The making of a hypochondriac


The making of a hypochondriac


Five tall glasses filled with coloured liquids stood on her table like an art installation. The deep green juice of bitter gourd, chia seeds in water making a weak white liquid, a milky white mix of psyllium husk and water, a brown yellow concoction of honey, lime juice and warm water and Giloyi juice or the heart-leaved moonseed drink.

The “her” I refer to is a happy, healthy 44-year-old hypochondriac, who works in an insurance company in the US. Besides these drinks and her routine prescription for blood pressure, she takes Vitamin E and Vitamin B12 supplements, fish oil capsules and one calcium tablet a day. Her vanity kit contains pain-relieving gels, “light” sleeping pills, pads for tired feet and a fiercely smelling balm for headaches instead of lipsticks, blush-on and eye pencils.

“Happy, healthy hypochondriac” sounds like an amusing caricature and a “type” we all may be familiar with, but such a person isn’t just the creation of a neurotic mind. My friend, for instance, is a willing health victim just as there are fashion victims who continuously fall prey to changing trends. How a country frames its commercial strategies around health issues, positions television commercials on health and codes the visual appeal of supermarket shelves selling health and fitness aids impacts what people think and buy. Both the accessories of health and its broader holistic idea.

One of the first things I did on a recent visit to the US was to visit a large pharmacy for a nutraceutical supplement for cholesterol control. Called PreLipid, it was advised by my cardiologist in India so that I could avoid statins. I have always lost myself in a shopper’s fog in American supermarkets, but this was the first time I had waded into the medicines aisle—finding it as awe-inspiring in stock and variety as cosmetics, candies or household goods. I gaped at the dozens of illness-defying temptations. Vitamins and supplements, pain relievers for toothaches to capsules for better eyesight, gels for mouth sores to gels for skin tightening; aids to make high heels more comfortable to assorted concoctions for diabetes, heart disease, cholesterol management and diseases that I wasn’t so familiar with. Wow.

Back in the apartment, even as I soaked in news television debates dissecting the baffling (disillusioning for me) popularity of presidential hopeful Donald Trump, my ears kept perking up to excessive fear-mongering about health that American TV is filled with.

Every second commercial on news or entertainment channels is about a health issue with a proposed cure. Prostrate problems in men and how to avoid surgery, knee supports for arthritic legs, anti allergens for rashes, counselling for cancer survival, menopause, hair loss, weight loss, sleeplessness, childlessness. Gosh.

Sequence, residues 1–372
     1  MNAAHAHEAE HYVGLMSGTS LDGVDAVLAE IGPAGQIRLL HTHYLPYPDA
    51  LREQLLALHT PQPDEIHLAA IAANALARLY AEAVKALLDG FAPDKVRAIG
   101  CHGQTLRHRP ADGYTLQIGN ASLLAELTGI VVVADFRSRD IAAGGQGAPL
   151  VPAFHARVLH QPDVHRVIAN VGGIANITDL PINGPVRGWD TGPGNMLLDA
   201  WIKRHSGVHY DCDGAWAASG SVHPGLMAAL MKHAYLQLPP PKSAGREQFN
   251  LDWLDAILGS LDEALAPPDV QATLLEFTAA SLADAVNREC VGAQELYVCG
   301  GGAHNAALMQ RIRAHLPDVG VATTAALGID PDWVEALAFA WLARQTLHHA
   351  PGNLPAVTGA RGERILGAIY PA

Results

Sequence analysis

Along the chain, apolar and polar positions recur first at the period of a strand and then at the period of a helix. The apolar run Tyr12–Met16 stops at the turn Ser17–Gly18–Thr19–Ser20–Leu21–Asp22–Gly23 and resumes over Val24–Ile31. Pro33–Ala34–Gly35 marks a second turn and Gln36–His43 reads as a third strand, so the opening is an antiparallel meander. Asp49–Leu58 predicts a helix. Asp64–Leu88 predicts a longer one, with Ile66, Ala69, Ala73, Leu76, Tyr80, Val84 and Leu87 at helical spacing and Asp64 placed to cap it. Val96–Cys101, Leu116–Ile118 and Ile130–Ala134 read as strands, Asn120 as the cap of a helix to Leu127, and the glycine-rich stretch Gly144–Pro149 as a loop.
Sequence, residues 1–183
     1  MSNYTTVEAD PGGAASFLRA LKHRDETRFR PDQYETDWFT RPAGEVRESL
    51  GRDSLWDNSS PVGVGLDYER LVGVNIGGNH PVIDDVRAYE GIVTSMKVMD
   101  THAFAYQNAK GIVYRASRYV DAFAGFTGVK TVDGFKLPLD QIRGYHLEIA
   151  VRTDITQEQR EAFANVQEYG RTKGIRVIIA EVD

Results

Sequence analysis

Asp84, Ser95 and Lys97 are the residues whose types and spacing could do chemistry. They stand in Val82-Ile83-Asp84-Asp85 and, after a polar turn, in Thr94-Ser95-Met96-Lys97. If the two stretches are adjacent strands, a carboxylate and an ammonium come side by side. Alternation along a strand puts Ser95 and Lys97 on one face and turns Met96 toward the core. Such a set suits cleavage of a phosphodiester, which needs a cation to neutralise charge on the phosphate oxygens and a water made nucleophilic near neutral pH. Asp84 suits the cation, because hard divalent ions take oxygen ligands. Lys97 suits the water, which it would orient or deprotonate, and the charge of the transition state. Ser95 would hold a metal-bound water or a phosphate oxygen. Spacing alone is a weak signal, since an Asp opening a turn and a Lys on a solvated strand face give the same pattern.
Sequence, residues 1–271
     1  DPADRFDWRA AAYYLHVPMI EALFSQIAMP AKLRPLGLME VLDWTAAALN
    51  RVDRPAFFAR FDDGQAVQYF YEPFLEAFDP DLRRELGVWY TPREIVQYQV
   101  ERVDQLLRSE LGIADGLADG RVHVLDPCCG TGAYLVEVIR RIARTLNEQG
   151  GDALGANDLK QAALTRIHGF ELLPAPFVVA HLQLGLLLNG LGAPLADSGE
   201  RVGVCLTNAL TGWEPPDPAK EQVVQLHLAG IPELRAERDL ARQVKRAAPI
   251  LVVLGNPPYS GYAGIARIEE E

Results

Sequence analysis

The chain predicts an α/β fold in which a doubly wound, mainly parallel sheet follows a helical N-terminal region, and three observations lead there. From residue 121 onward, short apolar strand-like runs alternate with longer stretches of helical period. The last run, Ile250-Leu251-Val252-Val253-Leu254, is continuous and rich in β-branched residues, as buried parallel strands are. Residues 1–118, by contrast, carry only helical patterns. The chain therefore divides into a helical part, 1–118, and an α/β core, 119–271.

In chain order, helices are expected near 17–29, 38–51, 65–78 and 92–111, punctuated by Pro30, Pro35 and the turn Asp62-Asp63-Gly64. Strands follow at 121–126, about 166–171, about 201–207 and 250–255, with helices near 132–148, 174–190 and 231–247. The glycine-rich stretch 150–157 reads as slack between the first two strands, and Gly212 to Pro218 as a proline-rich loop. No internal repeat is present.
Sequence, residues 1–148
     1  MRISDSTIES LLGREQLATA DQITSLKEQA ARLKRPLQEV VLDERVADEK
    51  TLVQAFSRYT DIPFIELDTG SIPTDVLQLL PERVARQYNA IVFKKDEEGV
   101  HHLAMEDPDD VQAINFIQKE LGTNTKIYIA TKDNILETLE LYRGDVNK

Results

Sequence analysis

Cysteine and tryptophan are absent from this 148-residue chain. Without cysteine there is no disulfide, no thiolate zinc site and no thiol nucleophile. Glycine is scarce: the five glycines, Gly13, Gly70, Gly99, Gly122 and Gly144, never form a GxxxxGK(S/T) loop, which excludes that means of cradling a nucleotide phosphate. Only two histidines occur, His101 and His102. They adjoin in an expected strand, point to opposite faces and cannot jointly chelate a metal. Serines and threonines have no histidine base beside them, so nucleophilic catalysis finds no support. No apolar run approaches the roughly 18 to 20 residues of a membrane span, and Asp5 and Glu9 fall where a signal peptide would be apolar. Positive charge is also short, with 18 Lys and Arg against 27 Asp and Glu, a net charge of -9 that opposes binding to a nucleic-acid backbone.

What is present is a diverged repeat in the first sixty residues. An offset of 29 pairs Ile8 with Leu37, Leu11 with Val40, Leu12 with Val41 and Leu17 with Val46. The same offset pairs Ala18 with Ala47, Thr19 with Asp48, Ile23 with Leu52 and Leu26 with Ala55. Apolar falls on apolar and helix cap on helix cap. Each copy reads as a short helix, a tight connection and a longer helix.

The consumerist economy in the US aggressively invests in turning people into health freaks. Or happy hypochondriacs like my friend. That’s not the case in Asian countries such as Thailand, Singapore, Malaysia or cities such as Hong Kong or Dubai, where the markets are equally buoyant and the merchandise endless. Yet, they don’t mount health aids or pharmaceuticals as desirable consumer goods that are hard to resist or health checks that are sold like vacations. The commercialization of medicine is neither as luscious nor as addictive as in the US.

In India, TV commercials are still largely focused on acquiring more and better things: they hawk a better you via a better life for you. Sleek new cars, secure insurance policies, appliances for safe drinking water, sanitary products for women and dozens of creams, cosmetics, coffee-teas, detergents and home delivery services. In local supermarkets such as Big Bazaar, nutraceuticals and other health-related products are not the most attractively packaged nor are our stand-alone pharmacies enticingly stocked.

The question here is not of morals or of a holier-than-thou approach in consumer behaviour but of how a society gets shaped by its markets, or the overall culture of health. It is also about the awareness that essential differences in market mentalities can teach us. Indians are fixated with home remedies and kitchen concoctions that they believe cure everything from dengue to arthritis even if nothing has been scientifically proved. But then, nothing has been proved about the cholesterol supplements I was hunting for in the US either.

One of the reasons behind the booming success of yoga guru Baba Ramdev’s Patanjali Ayurved Ltd, an Indian fast-moving consumer goods company, is the way it has put India’s beliefs in ayurvedic remedies into bottles. At the same time, it underlines our growing need for health based fear-mongering. Is this fear a sign of a developing economy? Whether it is about harmless things like aloe vera gel, herbal toothpastes, pain-relieving balms or highly suspicious packages for diseases, including one for multiple sclerosis (God save neurosurgical research), the link between commerce and disease is becoming increasingly unhealthy.

As a potential hypochondriac. I prefer the American waffle-flavoured toothpaste and crème brulee Vaseline to some unverified decoction that promises to cure heart disease.